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“It’s the same thing with clean or supporting local farmers,” she explained. “Organic really just means clean, but supporting local farmers who are investing in regenerative soil, that’s something major that can really move the needle to our health. But it’s expensive to do that.”

In particular, she has been inspired by the work of Patagonia founder Yvon Chouinard and designer Stella McCartney. Chouinard made headlines last week when he and his family transferred ownership of the firm to two new entities set up to use its $100 million in annual profits to fight climate change, stating that every dollar that is not reinvested back into Patagonia will be distributed as dividends to protect the planet.

McCartney recently launched a clean skin care line called Stella, ticking as many eco-boxes as possible, with the fewest number of products and ingredients, telling Beauty Inc, “I want less, and I want it to work. I want it to be honest and to complement my way of thinking, and of living life.” She has also been at the forefront of using alternative leather products, such as “mushroom” leather, hosting a panel of mushroom innovators alongside biotech firm Bolt Threads in her SoHo store during New York Fashion Week.

“Stella McCartney just made a beautiful, strong statement with her skin care line that ‘if other people were doing it, I’d happily not have to do it.’ But they’re not and no one is in fitness,” said Anderson. “No one is looking at fitness right now like they look at fast fashion. And it’s worse. We need to understand that while we’re trying to prove our health, we shouldn’t be harming our health at the same exact time.”

All of this comes at a critical time for the environment, with numerous major organizations urging governments and society to take action on climate change before it is too late to reverse some of the environmental damage that has already been caused.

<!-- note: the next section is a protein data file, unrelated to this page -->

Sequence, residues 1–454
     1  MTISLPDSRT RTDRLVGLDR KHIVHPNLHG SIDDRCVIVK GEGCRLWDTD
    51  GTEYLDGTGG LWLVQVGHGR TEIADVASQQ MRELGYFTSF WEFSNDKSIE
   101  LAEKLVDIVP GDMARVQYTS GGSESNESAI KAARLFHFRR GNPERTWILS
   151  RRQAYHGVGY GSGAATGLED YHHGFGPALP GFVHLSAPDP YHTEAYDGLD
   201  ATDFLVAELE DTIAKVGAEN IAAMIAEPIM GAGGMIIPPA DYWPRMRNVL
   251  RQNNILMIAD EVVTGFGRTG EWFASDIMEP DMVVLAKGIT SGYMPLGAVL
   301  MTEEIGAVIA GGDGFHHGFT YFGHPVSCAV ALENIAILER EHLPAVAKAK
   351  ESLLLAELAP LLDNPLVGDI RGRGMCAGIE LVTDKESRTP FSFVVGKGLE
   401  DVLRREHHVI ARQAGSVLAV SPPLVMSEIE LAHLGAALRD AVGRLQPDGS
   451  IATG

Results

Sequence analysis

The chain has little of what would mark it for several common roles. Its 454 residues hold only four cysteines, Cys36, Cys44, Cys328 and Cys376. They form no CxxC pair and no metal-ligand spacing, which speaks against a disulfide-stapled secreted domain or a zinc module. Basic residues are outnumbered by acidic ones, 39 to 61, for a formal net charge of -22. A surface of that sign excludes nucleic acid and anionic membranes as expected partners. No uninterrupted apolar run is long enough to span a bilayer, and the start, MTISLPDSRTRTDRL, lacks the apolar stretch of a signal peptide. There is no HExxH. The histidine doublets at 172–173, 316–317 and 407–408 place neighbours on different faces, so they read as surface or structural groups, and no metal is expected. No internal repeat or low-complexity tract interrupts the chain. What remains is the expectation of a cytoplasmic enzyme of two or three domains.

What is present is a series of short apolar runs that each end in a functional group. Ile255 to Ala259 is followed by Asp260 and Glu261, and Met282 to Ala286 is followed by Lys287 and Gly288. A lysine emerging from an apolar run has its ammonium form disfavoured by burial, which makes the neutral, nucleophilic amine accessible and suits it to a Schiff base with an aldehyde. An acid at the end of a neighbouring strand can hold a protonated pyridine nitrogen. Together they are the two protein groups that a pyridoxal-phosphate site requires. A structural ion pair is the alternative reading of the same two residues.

The Intergovernmental Panel on Climate Change, a United Nations body, issued a stark warning earlier this year that human-induced climate change is causing dangerous and widespread disruption in nature and affecting the lives of billions of people around the world, despite efforts to reduce the risks.

It found that increased heatwaves, droughts and floods are already exceeding plants’ and animals’ tolerance thresholds, driving mass mortalities in species such as trees and coral. It cautioned that in order to avoid mounting loss of life, biodiversity and infrastructure, action is required to adapt to climate change, at the same time as making rapid, deep cuts in greenhouse gas emissions.

As for the persistent problem of plastic, the Environmental Protection Agency estimates that only around 9 percent is recycled in the U.S. and according to The National Oceanic and Atmospheric Administration, some plastic objects can remain in marine environments for hundreds of years. Plastic bottles, for example, last 450 years.